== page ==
The program sends each eligible Seattle voter four $25 vouchers, which they can then give to city-level candidates of their choice. By approving the program in 2015, local voters made Seattle the first U.S. city to implement this type of public financing of campaigns.
Dan Nolte, a spokesman for the Seattle City Attorney’s Office, said the ruling could help clear the way for more cities in the state to adopt similar voucher programs. “This is a big win for the changing face of political campaigns, opening the playing field to provide more people an opportunity to seek local office,” Nolte wrote in an email Thursday. “If other Washington cities were considering a Democracy Voucher program of their own, they’ll be aided knowing our state’s highest court has just given the green light.”
The democracy voucher program is paid for by $3 million per year in property taxes. That’s what caused two Seattle property owners, Mark Elster and Sarah Pynchon, to challenge its constitutionality in 2017.
Their argument was that, by funding the program through a property tax, “The City of Seattle compels property owners to sponsor the partisan political speech of city residents,” according to their initial complaint.
A King County Superior Court judge dismissed the suit, rejecting Elster and Pynchon’s claim that the program violates their First Amendment rights to free speech.
In its unanimous ruling Thursday, the state Supreme Court agreed with the King County judge’s earlier decision.
“The Democracy Voucher Program does not alter, abridge, restrict, censor or burden speech,” Justice Steven González wrote on behalf of the court’s nine justices.
Ethan Blevins, an attorney representing Elster and Pynchon, said his clients are still deciding whether they might petition the U.S. Supreme Court to review the case. “I think it’s quite likely,” he said.
If they choose to go that route, there’s no guarantee that the nation’s highest court would decide to give the case another look, however.
Heather Weiner, a campaign consultant who worked on the initiative that created the program, said Thursday’s ruling was not surprising.
“That initiative had been reviewed with a fine-tooth comb by state and national lawyers,” Weiner said Thursday. “We knew it was absolutely legal.”
Seattle voters approved Initiative 122, dubbed the “Honest Elections Seattle” ballot measure, by a vote of 63% to 37% in 2015.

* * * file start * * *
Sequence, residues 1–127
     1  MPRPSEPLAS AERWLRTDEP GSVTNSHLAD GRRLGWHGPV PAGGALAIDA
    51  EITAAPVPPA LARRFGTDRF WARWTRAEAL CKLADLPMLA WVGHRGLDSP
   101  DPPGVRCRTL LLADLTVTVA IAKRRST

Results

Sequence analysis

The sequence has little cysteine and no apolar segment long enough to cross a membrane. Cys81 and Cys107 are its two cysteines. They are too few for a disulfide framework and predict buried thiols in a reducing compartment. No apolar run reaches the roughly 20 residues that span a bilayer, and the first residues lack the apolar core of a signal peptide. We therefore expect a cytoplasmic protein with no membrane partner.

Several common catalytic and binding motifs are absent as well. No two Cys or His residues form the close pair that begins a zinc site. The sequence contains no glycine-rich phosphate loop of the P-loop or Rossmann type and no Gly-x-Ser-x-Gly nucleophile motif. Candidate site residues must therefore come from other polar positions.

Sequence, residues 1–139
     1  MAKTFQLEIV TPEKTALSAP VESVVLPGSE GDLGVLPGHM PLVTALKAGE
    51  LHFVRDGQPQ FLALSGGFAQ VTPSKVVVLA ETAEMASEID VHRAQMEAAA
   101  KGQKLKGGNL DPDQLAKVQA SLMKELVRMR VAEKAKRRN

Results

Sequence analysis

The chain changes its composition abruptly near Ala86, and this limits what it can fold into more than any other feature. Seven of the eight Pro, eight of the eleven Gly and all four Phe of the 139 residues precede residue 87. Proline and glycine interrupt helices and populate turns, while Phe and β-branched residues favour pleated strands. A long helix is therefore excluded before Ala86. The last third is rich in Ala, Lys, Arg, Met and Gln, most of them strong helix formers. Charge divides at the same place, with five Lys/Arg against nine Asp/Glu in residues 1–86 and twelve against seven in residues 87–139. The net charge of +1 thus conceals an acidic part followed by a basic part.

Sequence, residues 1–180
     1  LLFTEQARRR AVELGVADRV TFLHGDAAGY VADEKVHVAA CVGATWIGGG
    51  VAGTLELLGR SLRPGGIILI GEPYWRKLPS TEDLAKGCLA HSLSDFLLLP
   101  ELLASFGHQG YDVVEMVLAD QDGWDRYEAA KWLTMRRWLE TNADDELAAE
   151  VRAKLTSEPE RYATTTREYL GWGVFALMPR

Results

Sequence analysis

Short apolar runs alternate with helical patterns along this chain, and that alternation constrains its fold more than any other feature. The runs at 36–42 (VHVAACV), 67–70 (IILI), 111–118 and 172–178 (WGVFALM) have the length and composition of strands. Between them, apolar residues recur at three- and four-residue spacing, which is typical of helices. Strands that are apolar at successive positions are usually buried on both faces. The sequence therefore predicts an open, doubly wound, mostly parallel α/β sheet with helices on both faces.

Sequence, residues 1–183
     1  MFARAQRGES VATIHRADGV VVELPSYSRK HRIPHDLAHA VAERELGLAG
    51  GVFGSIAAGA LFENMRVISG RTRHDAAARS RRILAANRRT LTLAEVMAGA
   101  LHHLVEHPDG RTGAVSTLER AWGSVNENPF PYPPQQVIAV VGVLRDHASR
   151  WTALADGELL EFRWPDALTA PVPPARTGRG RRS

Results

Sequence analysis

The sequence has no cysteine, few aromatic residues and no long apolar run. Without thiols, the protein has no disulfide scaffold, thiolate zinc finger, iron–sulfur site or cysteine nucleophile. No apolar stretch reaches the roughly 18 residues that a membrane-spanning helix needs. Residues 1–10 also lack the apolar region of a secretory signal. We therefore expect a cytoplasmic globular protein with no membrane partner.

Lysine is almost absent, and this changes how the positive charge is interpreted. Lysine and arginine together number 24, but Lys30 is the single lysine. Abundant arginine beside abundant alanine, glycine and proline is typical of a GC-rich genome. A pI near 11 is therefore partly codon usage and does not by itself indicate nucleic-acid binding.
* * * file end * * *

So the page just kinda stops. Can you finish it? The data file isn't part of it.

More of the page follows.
This year marks the second time democracy vouchers are being used in local Seattle elections after the program went into effect in 2017.
Blevins, the attorney for the Seattle property owners, said if his clients decide to seek a review by the U.S. Supreme Court, they’ll renew their argument that they have a right to abstain from funding political speech they disagree with.
Blevins said he disagrees with the Washington court’s conclusion that there’s no free speech problem, merely because his clients “aren’t individually associated with the message they are being required to fund.”
“They feel like they’re being required to front the money for someone else’s campaign contributions,” Blevins said. “I think that just feels demeaning, to be required to sponsor viewpoints they object to, especially in the context of elections.”
Weiner said the initiative already has been a success in terms of getting more people to participate in local elections. She said the voucher program, along with the city’s 2015 redistricting effort, has been a factor in this year’s broad array of Seattle City Council candidates. More than 50 people are running for council seats this fall, as several incumbents have decided not to seek re-election.
One recent academic analysis found the democracy voucher system was successful at increasing the number of Seattle residents who contribute to campaigns.
People across the country have taken notice of the program, including Democratic presidential candidate Kirsten Gillibrand. The New York senator has introduced a public campaign financing plan for federal races that is modeled after Seattle’s program.
Certain cities, including Albuquerque, New Mexico, and Austin, Texas, also have considered implementing democracy voucher programs of their own.